There are many different medical conditions that affect millions of people everyday with some being serious and some being just a nuisance. The medical conditions that are just a nuisance often do not have long-term effects and can sometimes be controlled with medications and therapy. There are a lot of various medical conditions out there that cause physical symptoms and one of those conditions is vasovagal syncope. If you have been diagnosed with vasovagal syncope then you might want to read about some of the important aspects of this medical condition that new research is showing.
What is Vasovagal Syncope?
Vasovagal syncope is a medical condition also called neurally mediated syncope and neurocardiogenic syncope and is a very common cause of fainting. Vasovagal syncope results in fainting and blackouts in about half of the people diagnosed with this condition that might occur one time in their lifetime. Vasovagal syncope is not a life-threatening medical condition but you should still seek medical attention because it is an abnormal reflex occurring in the body. If you have vasovagal syncope this means that your heart rate and blood pressure drops which causes blood flow to the brain to decrease. When the blood flow to your brain decreases you will most likely become faint or dizzy and you can become unconscious. If you have vasovagal syncope you should not be too worried because there is no serious risk involved although your doctor might want to run more tests to exclude more serious medical conditions.
Symptoms of Vasovagal Syncope
There are some common symptoms associated with vasovagal syncope and most of them are very minor. You might feel lightheaded, dizzy, nauseated, warm or clammy and have a pale color to your skin. Most of the time you will experience a vasovagal syncope if you are standing or sitting down and rarely does it occur if you are lying down. If this is your first time dealing with these symptoms you might want to consult a doctor to rule out more serious medical conditions or a more serious underlying condition such as heart disease. These symptoms can come and go and do not usually disrupt activities of daily life and you can still manage to work and have a family. If you have been diagnosed with this condition then you will be able to notice the warning signs of an episode coming on and you will be able to sit down or lay down before the symptoms occur. When you are unconscious it is usually for less than a minute and you will still be aware of your surroundings right after the event happens. Since you are only unconscious for such as short period of time, there are no long-lasting neurological effects or brain damage.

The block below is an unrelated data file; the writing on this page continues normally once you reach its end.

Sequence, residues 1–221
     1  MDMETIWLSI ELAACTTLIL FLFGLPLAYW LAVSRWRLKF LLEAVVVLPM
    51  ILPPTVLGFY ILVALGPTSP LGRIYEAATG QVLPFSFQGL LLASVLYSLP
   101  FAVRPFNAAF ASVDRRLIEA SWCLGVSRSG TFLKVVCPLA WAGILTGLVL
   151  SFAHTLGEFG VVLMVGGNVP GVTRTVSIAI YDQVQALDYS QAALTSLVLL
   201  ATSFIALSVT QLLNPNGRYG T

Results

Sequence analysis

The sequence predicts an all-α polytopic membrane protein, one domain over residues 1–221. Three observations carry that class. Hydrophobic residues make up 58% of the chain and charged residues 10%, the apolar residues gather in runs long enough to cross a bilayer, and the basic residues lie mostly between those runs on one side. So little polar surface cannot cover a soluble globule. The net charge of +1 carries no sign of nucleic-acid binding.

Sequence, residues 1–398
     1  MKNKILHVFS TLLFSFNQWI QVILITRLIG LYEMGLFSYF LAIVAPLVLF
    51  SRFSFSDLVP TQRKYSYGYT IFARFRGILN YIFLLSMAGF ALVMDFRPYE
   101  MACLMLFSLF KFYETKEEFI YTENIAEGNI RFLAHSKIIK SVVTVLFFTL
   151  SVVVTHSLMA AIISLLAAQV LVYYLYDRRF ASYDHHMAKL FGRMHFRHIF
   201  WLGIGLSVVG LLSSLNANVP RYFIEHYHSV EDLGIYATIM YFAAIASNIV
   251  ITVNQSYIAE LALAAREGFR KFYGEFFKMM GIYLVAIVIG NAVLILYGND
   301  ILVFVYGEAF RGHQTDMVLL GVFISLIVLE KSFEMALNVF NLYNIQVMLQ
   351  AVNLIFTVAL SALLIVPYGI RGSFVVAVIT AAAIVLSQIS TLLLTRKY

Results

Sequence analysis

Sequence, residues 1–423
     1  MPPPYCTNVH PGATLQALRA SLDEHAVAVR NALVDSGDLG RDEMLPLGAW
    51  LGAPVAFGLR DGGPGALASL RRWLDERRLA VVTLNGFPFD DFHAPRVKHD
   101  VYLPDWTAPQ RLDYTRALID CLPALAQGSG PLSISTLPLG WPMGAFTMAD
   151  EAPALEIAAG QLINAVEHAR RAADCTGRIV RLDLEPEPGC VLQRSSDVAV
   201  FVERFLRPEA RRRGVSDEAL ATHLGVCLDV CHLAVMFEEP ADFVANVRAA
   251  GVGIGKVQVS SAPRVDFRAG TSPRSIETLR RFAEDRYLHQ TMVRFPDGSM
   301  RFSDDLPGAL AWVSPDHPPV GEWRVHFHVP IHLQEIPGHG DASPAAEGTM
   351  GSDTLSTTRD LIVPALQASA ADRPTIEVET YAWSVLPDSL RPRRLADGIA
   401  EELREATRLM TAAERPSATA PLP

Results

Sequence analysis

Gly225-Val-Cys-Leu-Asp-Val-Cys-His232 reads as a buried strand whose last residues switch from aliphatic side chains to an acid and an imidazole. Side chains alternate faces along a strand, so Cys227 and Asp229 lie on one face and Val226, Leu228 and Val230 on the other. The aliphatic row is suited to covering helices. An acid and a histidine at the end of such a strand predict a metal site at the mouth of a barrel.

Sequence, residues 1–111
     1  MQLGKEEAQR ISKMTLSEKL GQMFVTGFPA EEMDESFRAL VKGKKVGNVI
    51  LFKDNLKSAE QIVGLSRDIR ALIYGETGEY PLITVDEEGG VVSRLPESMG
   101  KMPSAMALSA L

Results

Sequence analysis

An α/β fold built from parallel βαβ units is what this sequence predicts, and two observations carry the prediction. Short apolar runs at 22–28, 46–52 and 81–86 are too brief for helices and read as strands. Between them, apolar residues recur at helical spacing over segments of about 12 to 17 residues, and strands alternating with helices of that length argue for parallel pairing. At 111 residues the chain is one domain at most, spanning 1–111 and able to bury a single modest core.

Vasovagal syncope often occurs when part of your nervous system malfunctions as a result of a trigger and your heart rate slows as the blood vessels in your legs get bigger. Since the nervous system is responsible for heart rate and blood pressure it is the primary part of the body that is affected when vasovagal syncope occurs. When the vessels in your leg get bigger your blood pressure will end up dropping which slows the heart rate. Once the heart rate decreases you will then have decreased blood flow to the heart and brain which is why you faint. Some common events that might be a trigger are seeing blood, standing for a long time, exposure to heat and fear of bodily harm. If you are nervous about having blood drawn or other laboratory work done or you are constipated then this also might be a trigger for vasovagal syncope.
How Vasovagal Syncope is Diagnosed